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Belgium Hospital Combines RFID, Sensors to Monitor Heart Patients

University Hospital of Ghent is implementing a system that detects when a patient is having cardiac distress and sends caregivers an alert indicating the patient's location.
By Beth Bacheldor
Mar 06, 2007University Hospital of Ghent in Belgium, is implementing an RFID-based real-time locating system (RTLS) to provide nurses and other caregivers with a patient's location in the event of an emergency.

"We wanted to install a location/tracking system to be able to quickly localize machines and patients," says Bart Sijnave, CIO at the University Hospital of Ghent. "The new system saves a lot of time for both doctors and nurses so they can spend precious time effectively caring for patients instead of having to track down equipment and/or patients."

Bart Sijnave
The 1,000-bed hospital is using AeroScout T2 active Wi-Fi tags, which transmit 2.4 GHz signals carrying the tags' unique ID numbers to the hospital's Wi-Fi network, which consists of Cisco Aironet access points, and a Cisco 2710 Wireless Location Appliance that computes the tags' location. AeroScout Exciters, deployed in rooms, hallways, nurse stations and other areas throughout the hospital, trigger the tags to emit their signal. In addition, the hospital is installing AeroScout's MobileView software, which associates a tag's ID with a patient, and Emergin's Enterprise Bus Service (EBS) application, which packages information from MobileView into messages that can be delivered to nurses carrying Cisco IP phones.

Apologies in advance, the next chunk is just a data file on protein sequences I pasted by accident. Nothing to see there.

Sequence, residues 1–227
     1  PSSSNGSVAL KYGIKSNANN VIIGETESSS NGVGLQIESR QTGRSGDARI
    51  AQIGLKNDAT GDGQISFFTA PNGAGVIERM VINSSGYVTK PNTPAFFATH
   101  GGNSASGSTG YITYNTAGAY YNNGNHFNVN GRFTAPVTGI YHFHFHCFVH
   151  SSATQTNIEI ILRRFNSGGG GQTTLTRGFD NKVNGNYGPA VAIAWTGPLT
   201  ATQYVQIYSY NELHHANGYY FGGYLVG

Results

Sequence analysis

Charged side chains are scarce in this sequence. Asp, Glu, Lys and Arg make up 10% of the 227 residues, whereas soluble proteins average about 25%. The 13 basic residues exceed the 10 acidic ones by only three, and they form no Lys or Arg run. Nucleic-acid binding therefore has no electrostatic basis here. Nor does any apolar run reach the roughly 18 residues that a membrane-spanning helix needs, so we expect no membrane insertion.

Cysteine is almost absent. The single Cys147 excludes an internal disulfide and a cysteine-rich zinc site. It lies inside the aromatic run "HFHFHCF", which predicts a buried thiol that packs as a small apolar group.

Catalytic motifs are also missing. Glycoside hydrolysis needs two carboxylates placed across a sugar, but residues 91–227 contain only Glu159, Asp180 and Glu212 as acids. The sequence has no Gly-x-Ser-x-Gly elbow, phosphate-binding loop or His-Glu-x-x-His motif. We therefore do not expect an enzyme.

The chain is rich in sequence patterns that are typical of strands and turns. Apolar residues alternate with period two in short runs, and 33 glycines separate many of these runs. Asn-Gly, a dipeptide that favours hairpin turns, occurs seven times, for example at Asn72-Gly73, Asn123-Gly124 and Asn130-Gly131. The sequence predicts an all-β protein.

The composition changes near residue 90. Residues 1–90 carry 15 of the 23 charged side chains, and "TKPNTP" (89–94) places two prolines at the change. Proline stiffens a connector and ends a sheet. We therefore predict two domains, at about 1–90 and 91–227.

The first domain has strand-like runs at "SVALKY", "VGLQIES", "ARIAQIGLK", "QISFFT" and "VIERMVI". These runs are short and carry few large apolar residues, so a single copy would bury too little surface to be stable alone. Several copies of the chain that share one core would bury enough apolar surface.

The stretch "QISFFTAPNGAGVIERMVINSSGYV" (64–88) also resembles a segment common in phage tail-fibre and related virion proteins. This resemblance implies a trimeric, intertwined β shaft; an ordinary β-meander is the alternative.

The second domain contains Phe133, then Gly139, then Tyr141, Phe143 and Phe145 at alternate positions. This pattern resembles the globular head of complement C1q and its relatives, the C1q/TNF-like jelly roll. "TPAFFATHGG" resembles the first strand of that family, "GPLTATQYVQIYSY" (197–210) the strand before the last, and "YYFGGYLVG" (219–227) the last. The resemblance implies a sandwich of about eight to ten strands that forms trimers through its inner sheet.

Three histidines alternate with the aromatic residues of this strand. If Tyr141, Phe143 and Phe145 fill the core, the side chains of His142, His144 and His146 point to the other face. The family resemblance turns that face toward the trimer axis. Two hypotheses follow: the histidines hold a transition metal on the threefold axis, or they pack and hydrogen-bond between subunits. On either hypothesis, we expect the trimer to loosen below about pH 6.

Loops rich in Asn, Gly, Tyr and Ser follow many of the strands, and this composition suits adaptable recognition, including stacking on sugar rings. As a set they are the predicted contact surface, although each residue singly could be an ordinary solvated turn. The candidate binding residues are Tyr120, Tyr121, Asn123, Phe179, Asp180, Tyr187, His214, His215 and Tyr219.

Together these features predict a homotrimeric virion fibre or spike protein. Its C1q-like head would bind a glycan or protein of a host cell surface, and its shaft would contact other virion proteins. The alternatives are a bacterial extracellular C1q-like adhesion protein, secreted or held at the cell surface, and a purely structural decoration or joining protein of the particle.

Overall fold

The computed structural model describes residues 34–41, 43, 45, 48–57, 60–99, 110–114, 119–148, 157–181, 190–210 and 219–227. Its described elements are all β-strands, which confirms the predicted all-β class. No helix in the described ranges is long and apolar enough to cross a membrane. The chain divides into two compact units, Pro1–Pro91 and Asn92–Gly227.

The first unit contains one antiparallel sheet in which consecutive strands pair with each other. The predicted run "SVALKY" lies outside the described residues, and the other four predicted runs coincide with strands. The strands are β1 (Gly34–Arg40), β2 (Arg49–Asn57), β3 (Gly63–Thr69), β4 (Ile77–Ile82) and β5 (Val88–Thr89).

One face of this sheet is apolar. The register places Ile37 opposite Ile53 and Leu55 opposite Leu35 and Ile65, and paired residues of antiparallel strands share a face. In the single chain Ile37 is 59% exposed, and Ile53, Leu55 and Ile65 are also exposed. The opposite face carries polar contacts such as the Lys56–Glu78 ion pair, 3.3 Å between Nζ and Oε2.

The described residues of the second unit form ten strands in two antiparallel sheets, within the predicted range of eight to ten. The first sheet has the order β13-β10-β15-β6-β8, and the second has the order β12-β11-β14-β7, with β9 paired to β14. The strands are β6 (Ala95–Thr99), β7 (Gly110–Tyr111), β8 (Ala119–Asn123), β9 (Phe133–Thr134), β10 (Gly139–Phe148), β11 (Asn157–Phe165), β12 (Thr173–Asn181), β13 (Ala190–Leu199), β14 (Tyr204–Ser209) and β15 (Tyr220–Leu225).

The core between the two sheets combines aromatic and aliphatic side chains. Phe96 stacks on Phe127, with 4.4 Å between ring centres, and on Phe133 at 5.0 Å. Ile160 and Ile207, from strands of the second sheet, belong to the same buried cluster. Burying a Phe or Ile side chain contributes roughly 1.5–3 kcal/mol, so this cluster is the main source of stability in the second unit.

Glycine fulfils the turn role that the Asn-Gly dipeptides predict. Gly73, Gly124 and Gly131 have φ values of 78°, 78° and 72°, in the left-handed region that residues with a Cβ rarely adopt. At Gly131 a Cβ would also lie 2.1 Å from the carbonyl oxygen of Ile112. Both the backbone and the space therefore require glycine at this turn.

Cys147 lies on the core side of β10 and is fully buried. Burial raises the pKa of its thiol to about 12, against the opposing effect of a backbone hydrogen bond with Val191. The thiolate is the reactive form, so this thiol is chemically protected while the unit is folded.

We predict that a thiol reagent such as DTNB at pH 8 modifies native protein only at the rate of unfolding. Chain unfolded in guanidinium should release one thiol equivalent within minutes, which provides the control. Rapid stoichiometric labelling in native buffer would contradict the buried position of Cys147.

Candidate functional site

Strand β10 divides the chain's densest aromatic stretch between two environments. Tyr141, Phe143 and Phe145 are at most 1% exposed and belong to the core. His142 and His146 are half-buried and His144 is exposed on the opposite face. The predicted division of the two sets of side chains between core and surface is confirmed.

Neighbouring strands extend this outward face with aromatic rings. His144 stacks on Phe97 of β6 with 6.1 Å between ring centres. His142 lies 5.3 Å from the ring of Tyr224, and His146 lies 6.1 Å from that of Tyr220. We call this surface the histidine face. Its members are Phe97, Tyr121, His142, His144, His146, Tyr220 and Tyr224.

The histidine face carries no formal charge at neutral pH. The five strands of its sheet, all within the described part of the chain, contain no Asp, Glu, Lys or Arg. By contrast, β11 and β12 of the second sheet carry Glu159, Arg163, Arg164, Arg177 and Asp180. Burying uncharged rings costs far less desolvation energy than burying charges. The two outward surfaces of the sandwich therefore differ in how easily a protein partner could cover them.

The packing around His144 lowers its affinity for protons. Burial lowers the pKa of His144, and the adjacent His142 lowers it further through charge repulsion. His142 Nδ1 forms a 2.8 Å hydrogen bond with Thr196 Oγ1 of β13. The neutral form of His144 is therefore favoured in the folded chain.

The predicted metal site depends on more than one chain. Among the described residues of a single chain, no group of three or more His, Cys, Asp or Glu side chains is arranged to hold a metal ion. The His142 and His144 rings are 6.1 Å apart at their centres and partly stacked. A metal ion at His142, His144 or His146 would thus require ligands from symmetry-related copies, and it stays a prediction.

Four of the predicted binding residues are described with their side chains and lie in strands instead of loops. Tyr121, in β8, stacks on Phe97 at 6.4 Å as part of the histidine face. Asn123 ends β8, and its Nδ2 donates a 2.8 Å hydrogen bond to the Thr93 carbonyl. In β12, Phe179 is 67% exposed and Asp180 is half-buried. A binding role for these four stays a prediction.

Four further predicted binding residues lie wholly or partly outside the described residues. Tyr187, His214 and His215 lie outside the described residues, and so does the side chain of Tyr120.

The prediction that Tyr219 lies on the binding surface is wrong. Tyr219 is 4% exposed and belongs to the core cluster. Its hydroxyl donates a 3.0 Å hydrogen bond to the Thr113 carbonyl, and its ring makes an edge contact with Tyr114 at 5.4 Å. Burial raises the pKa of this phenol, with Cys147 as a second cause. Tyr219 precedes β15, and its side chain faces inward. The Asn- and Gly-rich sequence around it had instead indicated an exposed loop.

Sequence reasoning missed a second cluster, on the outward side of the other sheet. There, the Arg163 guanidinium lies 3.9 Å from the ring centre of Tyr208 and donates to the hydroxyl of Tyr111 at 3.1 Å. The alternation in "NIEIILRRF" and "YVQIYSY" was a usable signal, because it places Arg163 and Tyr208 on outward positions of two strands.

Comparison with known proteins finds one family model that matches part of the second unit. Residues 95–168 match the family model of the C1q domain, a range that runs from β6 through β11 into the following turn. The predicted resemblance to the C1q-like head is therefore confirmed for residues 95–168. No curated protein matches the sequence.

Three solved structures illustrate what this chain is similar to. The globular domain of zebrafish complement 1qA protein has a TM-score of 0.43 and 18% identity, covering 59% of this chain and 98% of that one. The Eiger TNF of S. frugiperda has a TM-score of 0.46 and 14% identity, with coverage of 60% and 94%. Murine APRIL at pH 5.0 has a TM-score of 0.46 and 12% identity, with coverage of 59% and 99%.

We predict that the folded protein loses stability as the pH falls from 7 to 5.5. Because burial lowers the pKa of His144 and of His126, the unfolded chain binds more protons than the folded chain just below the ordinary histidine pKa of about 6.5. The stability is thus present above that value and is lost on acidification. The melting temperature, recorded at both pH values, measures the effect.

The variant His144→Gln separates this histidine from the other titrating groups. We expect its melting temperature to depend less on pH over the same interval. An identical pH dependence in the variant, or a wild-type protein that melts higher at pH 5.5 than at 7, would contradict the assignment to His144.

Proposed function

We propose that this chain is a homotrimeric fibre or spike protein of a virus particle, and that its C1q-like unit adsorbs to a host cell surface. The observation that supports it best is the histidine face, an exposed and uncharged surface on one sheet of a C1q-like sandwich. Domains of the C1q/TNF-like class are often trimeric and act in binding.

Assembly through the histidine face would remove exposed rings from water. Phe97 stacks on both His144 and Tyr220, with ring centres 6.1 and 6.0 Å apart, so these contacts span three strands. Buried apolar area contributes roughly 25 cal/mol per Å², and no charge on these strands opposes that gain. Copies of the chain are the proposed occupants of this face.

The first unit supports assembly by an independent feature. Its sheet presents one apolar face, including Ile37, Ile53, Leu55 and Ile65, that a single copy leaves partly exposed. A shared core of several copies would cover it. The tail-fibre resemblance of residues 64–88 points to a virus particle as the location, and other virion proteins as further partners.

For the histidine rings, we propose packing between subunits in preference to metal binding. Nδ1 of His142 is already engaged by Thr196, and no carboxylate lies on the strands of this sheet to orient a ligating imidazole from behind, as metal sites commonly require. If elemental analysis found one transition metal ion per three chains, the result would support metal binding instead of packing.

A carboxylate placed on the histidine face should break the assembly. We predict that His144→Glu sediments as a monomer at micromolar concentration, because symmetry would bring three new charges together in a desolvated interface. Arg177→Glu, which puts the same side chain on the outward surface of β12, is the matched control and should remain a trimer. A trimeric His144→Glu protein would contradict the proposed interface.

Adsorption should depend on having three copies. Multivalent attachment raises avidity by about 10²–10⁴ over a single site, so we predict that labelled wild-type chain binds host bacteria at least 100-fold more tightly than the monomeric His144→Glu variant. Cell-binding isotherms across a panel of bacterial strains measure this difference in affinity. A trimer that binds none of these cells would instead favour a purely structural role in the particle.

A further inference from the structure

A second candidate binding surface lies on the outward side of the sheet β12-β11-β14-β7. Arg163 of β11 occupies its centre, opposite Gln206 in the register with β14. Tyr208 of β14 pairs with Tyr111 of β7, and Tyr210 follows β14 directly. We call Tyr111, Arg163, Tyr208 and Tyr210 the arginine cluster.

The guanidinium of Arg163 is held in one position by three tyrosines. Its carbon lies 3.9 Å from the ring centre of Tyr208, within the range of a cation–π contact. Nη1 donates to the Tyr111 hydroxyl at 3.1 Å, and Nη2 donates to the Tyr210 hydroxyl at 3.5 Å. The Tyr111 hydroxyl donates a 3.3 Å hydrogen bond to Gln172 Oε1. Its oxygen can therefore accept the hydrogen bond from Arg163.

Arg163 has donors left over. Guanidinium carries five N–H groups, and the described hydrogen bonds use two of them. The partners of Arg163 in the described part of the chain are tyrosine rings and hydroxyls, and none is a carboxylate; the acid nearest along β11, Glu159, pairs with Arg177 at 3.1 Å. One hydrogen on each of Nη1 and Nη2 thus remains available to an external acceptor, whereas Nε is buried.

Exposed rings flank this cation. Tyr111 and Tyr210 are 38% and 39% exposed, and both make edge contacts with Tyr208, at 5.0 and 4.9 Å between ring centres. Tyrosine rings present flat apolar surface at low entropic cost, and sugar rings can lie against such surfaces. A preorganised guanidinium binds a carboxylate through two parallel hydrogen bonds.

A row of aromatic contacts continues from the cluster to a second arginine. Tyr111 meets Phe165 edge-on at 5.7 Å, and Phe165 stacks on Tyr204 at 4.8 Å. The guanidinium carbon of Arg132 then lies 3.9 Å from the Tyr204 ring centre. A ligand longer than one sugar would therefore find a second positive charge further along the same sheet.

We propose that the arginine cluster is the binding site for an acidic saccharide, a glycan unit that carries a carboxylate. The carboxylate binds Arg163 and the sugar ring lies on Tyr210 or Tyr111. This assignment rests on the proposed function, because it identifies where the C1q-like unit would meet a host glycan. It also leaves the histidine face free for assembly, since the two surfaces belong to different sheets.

The AeroScout T2 tags are joined to Wi-Fi-enabled heart monitors worn by at-risk cardiology patients. The heart monitor is linked to a specific patient in the EBS software. The T2 tag is linked to a specific patient in the MobileView. Correlation is done in the EBS software. If a monitor detects a patient is in distress, it sends an alert to the Cisco Access Points. The Enterprise Bus Service then polls the AeroScout MobileView for the tagged monitor's and associated patient's location. According to Sijnave, all cardiology patients who need to be monitored constantly will eventually use the tags.

"Then the Emergin system sends all that information together to the Cisco phones, which are carried by nurses who have responsibility for those patients," says Josh Slobin, AeroScout's director of marketing.

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